COVID Spread Like ‘Holy Ghost’ In Jamaica Church


A 17-year-old girl decided to join the choir of the Mount Zion Victory House of Prayer in Sandy Bay, Clarendon, to “give them a hand” because of the flagging youth numbers in her mom’s church.

No sooner had she done so than she was singing a doleful tune: testing positive for the novel coronavirus, which has resurged in the central Jamaica parish.

Sandy Bay awoke on Independence Day to swarms of soldiers who had mounted checkpoints in the remake of a COVID-19 quarantine that had put another Clarendon community, Corn Piece, under lockdown on March 19 – nine days after Jamaica recorded its first confirmed case of the respiratory disease.

As the lockdown took effect on Thursday morning, it emerged that Mount Zion may have flagrantly flouted coronavirus health and social-distancing protocols that apply generically and specifically to churches. Almost all the congregants, The Gleaner was informed, did not wear face masks and many fellowshipped and socialised without caution.

The 17-year-old, whose identity The Gleaner will not reveal because disclosure is illegal and carriers of the virus often face stigma, said that it is believed that an ill deaconness may have been the host that triggered a forest fire of contraction in the church and beyond.

“She get sick, and dem haffi rush with her go to hospital. Her grandchildren go look for her. When dem go, dem find out she have the virus, but dem did a come a church when dem never know as yet.

“Her granddaughter was on the choir, and you know dem a go fellowship and go near people so … . A nuff a dem over deh have it,” the teenager told The Gleaner.

A crusade was reportedly held at the church from July 26-August 2, the teenager said, and it is believed that attendees from surrounding communities may have become carriers of the virus.


The communities of Rosewell and Terrace are believed to be potential hotspots of the highly contagious virus that has killed 706,000 people globally. There have been 12 fatalities in Jamaica.

The teen was incensed on Thursday that church administrators did not exert pressure on attendees to abide by the law. It is unclear whether attendees overshot the maximum seating capacity of the church in light of the six-foot distancing rules.

“Nobody nuh wear mask ‘cause dem nuh follow rules. A mussi one somebody over deh did a wear mask and a one next old lady. She nuh sickly, she alone. A greedy dem greedy mek dem have convention,” the teen said.

“If it keep Sunday inna the morning, it keep Sunday night, Monday night, Tuesday night.”

But by the time the teenage girl’s antennae shot up that the virus may have been at her doorstep, it was too late. She stopped attending the convention – but not soon enough. Her mother, an asthmatic, fell ill and was tested on Wednesday evening and was informed shortly after that she had tested positive.

About an hour after being initially interviewed by The Gleaner, the girl informed our news team that health ministry officials had just notified her of her result. She, too, was positive.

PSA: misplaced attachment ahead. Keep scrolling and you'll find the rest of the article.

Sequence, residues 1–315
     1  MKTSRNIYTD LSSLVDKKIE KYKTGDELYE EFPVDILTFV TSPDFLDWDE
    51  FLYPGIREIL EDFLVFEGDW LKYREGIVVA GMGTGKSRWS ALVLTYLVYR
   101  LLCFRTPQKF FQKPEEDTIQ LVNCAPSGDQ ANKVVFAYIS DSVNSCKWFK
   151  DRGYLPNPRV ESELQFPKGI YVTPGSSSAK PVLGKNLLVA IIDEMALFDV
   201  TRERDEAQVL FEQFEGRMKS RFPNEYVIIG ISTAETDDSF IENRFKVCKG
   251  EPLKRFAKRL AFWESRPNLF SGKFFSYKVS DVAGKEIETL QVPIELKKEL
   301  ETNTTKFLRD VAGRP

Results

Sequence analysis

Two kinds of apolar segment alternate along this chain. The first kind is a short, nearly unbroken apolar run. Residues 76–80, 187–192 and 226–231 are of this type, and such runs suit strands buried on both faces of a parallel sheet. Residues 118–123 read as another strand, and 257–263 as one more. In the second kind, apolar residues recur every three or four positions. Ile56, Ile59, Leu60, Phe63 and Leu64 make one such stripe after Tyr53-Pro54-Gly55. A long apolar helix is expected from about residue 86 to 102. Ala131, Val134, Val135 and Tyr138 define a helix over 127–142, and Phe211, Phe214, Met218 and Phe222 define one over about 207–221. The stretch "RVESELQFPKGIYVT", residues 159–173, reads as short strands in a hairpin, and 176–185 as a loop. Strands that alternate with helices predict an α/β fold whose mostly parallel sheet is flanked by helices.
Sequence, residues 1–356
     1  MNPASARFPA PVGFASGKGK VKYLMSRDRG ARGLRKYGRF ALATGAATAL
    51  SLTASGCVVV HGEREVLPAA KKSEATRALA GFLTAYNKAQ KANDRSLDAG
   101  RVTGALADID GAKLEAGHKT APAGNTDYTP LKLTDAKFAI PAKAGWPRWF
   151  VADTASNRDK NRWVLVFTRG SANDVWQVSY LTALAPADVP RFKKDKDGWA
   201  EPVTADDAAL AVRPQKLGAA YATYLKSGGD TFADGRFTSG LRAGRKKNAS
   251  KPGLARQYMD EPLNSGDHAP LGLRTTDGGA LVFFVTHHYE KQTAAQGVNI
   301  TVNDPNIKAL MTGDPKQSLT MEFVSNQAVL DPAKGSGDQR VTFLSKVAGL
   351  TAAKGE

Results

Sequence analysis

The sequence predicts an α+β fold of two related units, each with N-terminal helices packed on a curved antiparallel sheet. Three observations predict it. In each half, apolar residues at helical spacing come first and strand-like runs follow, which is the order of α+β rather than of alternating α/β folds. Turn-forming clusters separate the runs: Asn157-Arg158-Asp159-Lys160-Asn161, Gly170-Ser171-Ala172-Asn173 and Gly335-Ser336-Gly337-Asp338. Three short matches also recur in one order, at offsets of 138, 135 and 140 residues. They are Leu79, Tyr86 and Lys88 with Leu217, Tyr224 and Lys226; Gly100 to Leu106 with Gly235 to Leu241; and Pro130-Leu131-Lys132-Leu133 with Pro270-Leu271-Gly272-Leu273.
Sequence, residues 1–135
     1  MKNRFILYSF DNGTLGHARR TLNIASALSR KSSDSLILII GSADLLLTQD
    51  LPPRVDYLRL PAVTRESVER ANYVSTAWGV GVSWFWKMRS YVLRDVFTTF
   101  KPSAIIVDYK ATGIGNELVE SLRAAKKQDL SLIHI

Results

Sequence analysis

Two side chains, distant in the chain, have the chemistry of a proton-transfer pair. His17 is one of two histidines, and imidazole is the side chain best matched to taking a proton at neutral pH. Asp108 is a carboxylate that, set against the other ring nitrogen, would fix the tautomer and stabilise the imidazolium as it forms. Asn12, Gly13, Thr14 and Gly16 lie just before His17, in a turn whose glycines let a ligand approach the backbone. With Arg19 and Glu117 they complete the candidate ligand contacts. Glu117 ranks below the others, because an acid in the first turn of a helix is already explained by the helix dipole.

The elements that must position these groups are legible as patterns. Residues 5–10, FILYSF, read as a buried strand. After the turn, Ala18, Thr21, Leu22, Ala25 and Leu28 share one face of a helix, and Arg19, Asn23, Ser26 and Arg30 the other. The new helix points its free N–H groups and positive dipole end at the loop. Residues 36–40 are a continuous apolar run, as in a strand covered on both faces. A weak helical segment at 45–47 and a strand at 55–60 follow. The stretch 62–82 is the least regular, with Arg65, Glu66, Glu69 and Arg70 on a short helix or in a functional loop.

Her face was now a picture of dread and sombreness.

“Dem call and say I have COVID and that mi nuh must stay here. Dem say dem a go come here and inspect later on,” the teenager said, hinting that she and her family might be transferred to a state isolation facility to curb the prospect of spread.

With two of the seven-person household, which includes five children, already confirmed positive, the family is worried that the others may have contracted the disease.

The writing had been on the wall as the security forces reportedly began establishing checkpoints as early as 3 a.m. on Thursday.

The quarantine order will be maintained for 14 days, after which the community’s status will be reviewed.

There was no sign of Mount Zion’s pastors, at least one of whom reportedly lives in the Sandy Bay area. Several calls to her cell phone rang without answer.

Other residents said that they were not aware of the indiscipline at the church and were even more startled when they were aroused from the holiday slumber to the grim reality of a lockdown.

“The police and soldier dem lock down the whole place. My cousin get up fi open his shop, and dem tell him lock up immediately,” a resident told The Gleaner, speaking behind his fence.

Residents say that health officials were feverishly conducting house-to-house checks on Wednesday as contact-tracing teams tracked the genesis and movement of the virus to head off the threat of super spreaders intensifying the crisis.

“Yesterday (Wednesday), they (health workers) were here, and people from all bout inna the community come a test. That’s who want test ‘cause you know when it come to dem ting deh, no crowd ‘cause a nuh dance a keep. This morning (Thursday) now, mi hear say somebody nearby have symptoms,” a resident said on condition of anonymity.

He expects the numbers to rise.

A team from the Red Cross and the Ministry of Labour and Social Security combed the community to deliver care packages.

“We are seeing how best we can have the teams do distribution to the areas that were identified,” said Warren Green, acting manager at the Ministry of Labour and Social Security.

Jamaica recorded 30 new COVID-19 cases over the last 24 hours, pushing the tally to 958.


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